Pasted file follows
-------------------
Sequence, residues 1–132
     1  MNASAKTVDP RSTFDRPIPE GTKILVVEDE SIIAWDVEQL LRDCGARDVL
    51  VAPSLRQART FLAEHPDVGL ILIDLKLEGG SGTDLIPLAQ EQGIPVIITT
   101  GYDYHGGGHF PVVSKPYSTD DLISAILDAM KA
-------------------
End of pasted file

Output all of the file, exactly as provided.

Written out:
Sequence, residues 1–132
     1  MNASAKTVDP RSTFDRPIPE GTKILVVEDE SIIAWDVEQL LRDCGARDVL
    51  VAPSLRQART FLAEHPDVGL ILIDLKLEGG SGTDLIPLAQ EQGIPVIITT
   101  GYDYHGGGHF PVVSKPYSTD DLISAILDAM KA